Sex Differences In Responses to Chronic Prenatal Nicotine Exposure in Rats Open Access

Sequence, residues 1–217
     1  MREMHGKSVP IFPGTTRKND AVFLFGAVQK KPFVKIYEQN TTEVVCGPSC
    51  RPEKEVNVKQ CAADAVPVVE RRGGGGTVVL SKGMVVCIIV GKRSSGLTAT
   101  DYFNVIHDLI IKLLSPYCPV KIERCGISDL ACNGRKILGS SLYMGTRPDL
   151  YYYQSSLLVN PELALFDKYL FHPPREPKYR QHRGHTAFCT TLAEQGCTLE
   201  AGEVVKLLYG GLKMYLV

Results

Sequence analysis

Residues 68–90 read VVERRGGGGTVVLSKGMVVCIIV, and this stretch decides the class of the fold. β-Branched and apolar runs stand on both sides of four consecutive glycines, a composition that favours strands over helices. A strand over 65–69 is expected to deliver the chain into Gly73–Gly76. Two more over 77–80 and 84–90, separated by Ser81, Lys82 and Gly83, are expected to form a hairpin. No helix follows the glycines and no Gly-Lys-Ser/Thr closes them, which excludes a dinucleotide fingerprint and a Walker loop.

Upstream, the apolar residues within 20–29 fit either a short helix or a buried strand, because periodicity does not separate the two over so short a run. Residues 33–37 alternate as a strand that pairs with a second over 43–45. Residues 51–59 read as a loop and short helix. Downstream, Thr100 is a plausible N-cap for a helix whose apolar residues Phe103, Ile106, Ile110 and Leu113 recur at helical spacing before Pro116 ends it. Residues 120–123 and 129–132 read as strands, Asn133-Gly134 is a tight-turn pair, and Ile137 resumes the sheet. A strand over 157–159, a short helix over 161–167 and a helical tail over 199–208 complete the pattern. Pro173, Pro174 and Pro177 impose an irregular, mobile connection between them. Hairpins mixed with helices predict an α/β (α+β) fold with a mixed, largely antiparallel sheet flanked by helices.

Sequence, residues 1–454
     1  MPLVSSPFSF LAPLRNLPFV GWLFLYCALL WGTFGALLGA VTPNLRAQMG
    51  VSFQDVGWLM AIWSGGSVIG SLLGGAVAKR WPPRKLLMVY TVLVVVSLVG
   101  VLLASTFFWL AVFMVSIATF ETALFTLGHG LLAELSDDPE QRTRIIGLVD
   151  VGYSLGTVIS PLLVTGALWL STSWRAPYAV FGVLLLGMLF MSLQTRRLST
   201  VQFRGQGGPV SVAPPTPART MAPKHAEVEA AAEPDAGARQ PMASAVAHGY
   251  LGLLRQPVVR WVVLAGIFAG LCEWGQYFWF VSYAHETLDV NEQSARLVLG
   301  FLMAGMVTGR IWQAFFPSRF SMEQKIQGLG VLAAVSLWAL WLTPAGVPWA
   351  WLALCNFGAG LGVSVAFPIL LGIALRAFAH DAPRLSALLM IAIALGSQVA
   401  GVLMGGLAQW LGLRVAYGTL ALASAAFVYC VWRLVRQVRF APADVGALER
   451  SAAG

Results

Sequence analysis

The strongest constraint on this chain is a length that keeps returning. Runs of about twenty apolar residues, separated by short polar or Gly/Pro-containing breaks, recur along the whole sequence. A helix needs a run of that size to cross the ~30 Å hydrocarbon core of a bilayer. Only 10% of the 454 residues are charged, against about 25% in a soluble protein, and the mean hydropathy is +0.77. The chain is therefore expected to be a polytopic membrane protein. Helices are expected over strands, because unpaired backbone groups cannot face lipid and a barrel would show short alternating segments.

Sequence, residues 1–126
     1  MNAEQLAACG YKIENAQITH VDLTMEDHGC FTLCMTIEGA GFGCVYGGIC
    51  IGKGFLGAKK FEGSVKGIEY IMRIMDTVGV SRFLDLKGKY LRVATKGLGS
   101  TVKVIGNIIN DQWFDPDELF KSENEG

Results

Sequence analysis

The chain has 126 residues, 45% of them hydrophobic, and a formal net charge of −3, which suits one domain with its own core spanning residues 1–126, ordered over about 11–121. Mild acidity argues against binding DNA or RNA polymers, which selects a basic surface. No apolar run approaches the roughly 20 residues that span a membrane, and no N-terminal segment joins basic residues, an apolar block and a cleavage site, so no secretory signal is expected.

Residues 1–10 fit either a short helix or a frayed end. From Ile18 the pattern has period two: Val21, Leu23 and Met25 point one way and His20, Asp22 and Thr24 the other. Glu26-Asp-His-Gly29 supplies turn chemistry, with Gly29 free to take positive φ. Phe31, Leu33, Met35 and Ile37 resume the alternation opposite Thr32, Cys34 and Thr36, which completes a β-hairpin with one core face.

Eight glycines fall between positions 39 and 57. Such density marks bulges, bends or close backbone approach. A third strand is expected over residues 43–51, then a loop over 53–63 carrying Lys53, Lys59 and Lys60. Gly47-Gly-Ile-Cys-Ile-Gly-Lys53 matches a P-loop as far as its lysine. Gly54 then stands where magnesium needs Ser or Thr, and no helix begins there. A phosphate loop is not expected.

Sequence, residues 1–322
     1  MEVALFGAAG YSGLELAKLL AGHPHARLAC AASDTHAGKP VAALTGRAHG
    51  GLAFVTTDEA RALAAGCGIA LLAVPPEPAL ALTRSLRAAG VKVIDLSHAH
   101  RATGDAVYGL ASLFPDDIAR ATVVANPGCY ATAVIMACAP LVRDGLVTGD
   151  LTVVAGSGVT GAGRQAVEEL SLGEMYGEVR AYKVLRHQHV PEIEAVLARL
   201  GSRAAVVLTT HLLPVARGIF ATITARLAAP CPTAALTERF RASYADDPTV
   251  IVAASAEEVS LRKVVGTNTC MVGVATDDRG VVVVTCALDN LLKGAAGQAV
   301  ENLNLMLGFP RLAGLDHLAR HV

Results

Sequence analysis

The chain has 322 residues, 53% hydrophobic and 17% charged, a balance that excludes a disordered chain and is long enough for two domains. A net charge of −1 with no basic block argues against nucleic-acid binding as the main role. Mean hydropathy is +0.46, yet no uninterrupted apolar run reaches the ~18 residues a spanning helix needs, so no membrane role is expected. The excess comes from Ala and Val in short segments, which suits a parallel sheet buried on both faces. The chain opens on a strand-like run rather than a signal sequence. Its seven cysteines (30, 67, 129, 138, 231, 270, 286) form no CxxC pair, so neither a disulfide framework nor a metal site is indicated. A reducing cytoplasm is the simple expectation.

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Cigarette smoking is one of the leading causes of preventable death and disease in developed countries. Despite the known risk, currently 19% of the adult population in the United States smoke cigarettes (Centers for Disease Control and Prevention, 2013). Early exposure to nicotine during development is associated with an increased risk of nicotine addiction in adults. Early exposure includes both initiation of smoking during adolescence and prenatal nicotine exposure. Adolescence is the most common period for the initiation of recreational drug use, and 88% of current adult smokers used their first cigarette before the age of 18 (Public Health Service 1994). Evidence also indicates differences between males and females in addiction rates and smoking behavior. Tobacco is also the most commonly abused substance during pregnancy: tobacco use occurs in an estimated 14% of pregnancies in the United States. Infants exposed to tobacco smoke in utero are more likely to be addicted to nicotine. In addition, females exposed to tobacco smoke through the mother appear to progress from initiation of tobacco smoking to addiction more quickly than non-exposed females. All of the pharmacological effects of nicotine are mediated by neuronal nicotinic acetylcholinergic receptors (nAChRs) , which are widespread throughout the autonomic and central nervous system. In the CNS, nAChRs are primarily presynaptic, and are involved in modulating the release of several neurotransmitters, including dopamine, norepinephrine, GABA, glutamate, and acetylcholine . The involvement of these receptors in the release of neurotransmitters suggests that nicotine use may have widespread effects on important neural pathways in the CNS. In order to help elucidate the underlying causes of sex differences in response to nicotine, we investigated nicotinic receptor regulation and genome expression differences in male and female rats following adolescent and prenatal nicotine exposure. To do this we exposed rats to nicotine under various treatment paradigms using subcutaneously implanted miniosmotic pumps containing either nicotine or saline. Using [3H]epibatidine to label assembled receptors and subunit specific antibodies to characterize receptors, we found sex differences in &alpha4;&beta2;* receptor regulation in the cerebral cortex at both early (PN28) and late (PN42) adolescence. These results imply sex differences in sensitivity to nicotine exposure in early and late adolescence. In addition, we found sex differences in &alpha4;β&alpha5; receptor regulation in the cerebral cortex following chronic prenatal nicotine exposure in rats at PN14. After using a fostering paradigm to isolate nicotine exposure to either in utero only or postnatal only exposure, we determined the sensitivity seen at PN14 in males required a combination of both in utero and postnatal exposure to manifest. Finally, in order to help clarify the underlying basis of behavioral differences in adolescents exposed to nicotine prenatally, we identified persistent alterations in genome expression in dopaminergic cell bodies using microarray analysis of the VTA of adolescent male and female rats following chronic prenatal nicotine exposure. With this method we identified dramatic differences in gene expression between males and females. These changes suggest that disruptions in circadian rhythm regulation may contribute to an increased risk of nicotine addiction in adolescent male rats, but not female rats, exposed to nicotine prenatally. Alterations in these associated genes were confirmed using qRT-PCR. These data suggest both differences in receptor regulation and genomic expression between males and females at ages of increased vulnerability to nicotine.